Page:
In July 2009, the government of Russia announced a change in the access to public tenders.



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Official Newspaper of the Russian Federation "Rossiiskaya Gazeta" # 4958 from 23 July 2009. The Federal Law of the Russian Federation # 164 - from 17 July 2009 "On amendments to the Federal law "On Protection of Competition" and other legal documents of the Russian Federation"". Avaliable at < >. Federal Law 173- from 17 July 2009 "anemdments to Article 17 and Article 53 of the Federal Law "On the protection of competition"". Avaliable at < >

Inception date: 23 Jul 2009 | Removal date: open ended

Public procurement access

Several amendments to the existing antimonopolylaw have been recently implemented. They are called 'the second antimonopoly package'. The first package was introduced in 2006 and made significant changes in the existing competitionlaw: the natural monopolies were considered as the ones having the dominant position at the market;a dominant position was defined as 50 percent market share (with some exceptions); government control over the business activities was significantly reduced.

The second antimonopoly package toughens rules against corruption and abuse of power by government officials in the implementation of competition law. The Russian Administrative Code have been amended accordingly.

The amendments to the Criminal Code introduce criminal sanctions (to 6 years of imprisonment)for individuals involved in cartels and abuses of a dominant position. The previous law contained only administrative responsibility (fines) as a punishment for these anticompetitive practices. This change in the competition law was caused by the fact that during the world oil price fall, the price of the gas at the gas stations in Russia remained unchanged. There was no legal instrument for the Russian antimonopoly services to influence the decisions of the management of the natural monopolies. Businessmen were said to constantly ignore the warnings of the government agencies and charged premium prices. 
Among other amendments are the following:

·toughening the conditions of providing the state and municipal preferences to the firms;

·introduction of the antimonopoly monitoring procedure;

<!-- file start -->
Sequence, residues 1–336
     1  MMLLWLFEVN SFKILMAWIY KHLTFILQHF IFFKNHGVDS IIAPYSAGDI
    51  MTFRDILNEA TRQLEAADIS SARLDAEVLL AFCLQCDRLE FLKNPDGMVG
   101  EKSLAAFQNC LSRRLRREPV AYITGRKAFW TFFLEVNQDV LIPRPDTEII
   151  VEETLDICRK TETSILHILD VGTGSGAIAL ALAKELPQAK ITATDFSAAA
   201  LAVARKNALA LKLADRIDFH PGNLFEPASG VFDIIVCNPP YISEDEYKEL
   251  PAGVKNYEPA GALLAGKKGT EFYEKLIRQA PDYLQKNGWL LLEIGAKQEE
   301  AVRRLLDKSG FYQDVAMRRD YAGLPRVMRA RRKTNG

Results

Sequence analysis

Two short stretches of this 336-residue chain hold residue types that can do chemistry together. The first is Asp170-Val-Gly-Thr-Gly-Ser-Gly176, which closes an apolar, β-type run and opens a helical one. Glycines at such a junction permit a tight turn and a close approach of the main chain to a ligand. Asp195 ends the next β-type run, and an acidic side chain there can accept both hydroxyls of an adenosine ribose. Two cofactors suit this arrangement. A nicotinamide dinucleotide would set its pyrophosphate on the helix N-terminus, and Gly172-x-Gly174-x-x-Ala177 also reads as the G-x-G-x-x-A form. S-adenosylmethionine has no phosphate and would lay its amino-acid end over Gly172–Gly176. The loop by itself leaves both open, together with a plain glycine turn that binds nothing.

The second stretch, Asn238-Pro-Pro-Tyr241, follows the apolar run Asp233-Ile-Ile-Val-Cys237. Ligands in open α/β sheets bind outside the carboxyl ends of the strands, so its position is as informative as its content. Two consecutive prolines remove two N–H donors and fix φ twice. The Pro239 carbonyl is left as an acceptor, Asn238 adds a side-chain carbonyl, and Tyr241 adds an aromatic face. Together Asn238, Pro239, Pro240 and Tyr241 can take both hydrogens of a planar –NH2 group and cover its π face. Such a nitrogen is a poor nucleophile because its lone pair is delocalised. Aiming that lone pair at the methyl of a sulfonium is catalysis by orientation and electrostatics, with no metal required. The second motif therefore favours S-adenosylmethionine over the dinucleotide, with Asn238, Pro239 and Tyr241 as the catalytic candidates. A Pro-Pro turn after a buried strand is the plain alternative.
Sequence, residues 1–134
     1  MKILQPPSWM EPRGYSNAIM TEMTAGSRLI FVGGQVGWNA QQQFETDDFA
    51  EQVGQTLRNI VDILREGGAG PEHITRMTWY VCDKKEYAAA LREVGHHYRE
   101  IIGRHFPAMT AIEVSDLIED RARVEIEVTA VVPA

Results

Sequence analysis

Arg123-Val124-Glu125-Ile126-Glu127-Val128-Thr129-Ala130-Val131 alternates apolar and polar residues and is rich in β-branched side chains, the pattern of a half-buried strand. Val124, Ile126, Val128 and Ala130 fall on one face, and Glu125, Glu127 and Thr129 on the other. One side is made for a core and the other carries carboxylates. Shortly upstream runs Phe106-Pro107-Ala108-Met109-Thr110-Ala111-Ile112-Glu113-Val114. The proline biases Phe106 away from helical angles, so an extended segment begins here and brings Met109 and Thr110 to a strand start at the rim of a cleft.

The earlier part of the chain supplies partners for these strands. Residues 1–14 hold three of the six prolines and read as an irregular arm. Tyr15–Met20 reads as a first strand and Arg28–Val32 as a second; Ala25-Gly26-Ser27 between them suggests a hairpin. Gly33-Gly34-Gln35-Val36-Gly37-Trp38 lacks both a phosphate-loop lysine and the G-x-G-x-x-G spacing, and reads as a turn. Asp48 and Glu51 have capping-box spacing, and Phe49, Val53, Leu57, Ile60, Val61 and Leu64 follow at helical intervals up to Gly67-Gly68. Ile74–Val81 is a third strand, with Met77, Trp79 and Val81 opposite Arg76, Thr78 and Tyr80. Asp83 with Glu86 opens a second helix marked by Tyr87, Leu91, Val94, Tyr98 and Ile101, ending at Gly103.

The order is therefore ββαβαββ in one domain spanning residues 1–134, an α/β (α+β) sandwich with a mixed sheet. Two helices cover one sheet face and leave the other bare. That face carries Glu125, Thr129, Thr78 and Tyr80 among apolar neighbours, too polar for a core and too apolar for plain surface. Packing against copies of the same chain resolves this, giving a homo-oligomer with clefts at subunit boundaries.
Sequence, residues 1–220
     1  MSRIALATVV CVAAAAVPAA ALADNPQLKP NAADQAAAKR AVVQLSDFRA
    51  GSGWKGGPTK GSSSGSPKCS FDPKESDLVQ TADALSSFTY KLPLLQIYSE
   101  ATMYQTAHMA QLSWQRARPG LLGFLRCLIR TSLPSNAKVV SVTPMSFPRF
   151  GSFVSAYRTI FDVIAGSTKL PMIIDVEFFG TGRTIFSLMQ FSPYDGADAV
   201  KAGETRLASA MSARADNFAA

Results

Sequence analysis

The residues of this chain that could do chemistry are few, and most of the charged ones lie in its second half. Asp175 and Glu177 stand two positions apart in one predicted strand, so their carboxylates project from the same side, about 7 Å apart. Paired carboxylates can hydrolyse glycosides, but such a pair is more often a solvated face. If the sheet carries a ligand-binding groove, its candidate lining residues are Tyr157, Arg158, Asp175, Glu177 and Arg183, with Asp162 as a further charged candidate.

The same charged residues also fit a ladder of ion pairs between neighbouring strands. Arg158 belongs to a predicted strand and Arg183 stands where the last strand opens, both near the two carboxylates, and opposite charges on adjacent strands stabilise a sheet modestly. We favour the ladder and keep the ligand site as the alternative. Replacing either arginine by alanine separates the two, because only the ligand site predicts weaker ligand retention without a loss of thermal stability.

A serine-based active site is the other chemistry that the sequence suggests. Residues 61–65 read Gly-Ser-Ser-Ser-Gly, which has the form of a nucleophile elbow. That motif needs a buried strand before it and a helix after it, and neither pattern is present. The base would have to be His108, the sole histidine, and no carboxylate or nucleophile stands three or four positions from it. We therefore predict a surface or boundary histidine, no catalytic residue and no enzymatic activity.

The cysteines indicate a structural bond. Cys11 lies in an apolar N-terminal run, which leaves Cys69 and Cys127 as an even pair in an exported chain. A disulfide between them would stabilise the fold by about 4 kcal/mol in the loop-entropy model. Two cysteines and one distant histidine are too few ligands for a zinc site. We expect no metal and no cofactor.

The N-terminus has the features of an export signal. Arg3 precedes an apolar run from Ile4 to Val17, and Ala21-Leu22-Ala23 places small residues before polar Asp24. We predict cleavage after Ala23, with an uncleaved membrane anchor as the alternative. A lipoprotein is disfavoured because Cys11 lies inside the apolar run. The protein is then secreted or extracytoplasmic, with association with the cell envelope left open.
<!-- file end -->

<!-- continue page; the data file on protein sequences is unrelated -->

·increase of the threshold for the antimonopoly control of the economic concentration if the sum of the assets of the purchaser is more that 7 billion rubles or $ 225 million (up from 3 billion rubes or $ 96 million) or if the turnover of the purchaser is more than 10 billion rubles or $ 320 million(up from 6 billion rubles or $ 193 million ). Due to this innovation large share of the business in Russia will be realized from the excessive government control;

·detailed elaboration on the procedural rules on the litigation in competition law.

Moreover, the introduction of electronic tenders for the government procurement, where every firm is supposed to be represented by the anonymous code, significantly limits the potential for the bureaucrats' discretion and may improve general access to the government procurement (amendments to the Government Procurement Law). 
Overall, improved conditions for competition in Russia can provide better investment climate for the foreigners. The control over the monopolies and introduction of the stricter responsibility for the anticompetitive practices can open some business opportunities for the foreign investors. The control of the corruption in the competition field provides more predictable business environment which could stimulate inflow of the foreign investments into Russia.
Some of those changes to the competition law are implemented from 23 July 2009 and others will come into force on 23 August 2009.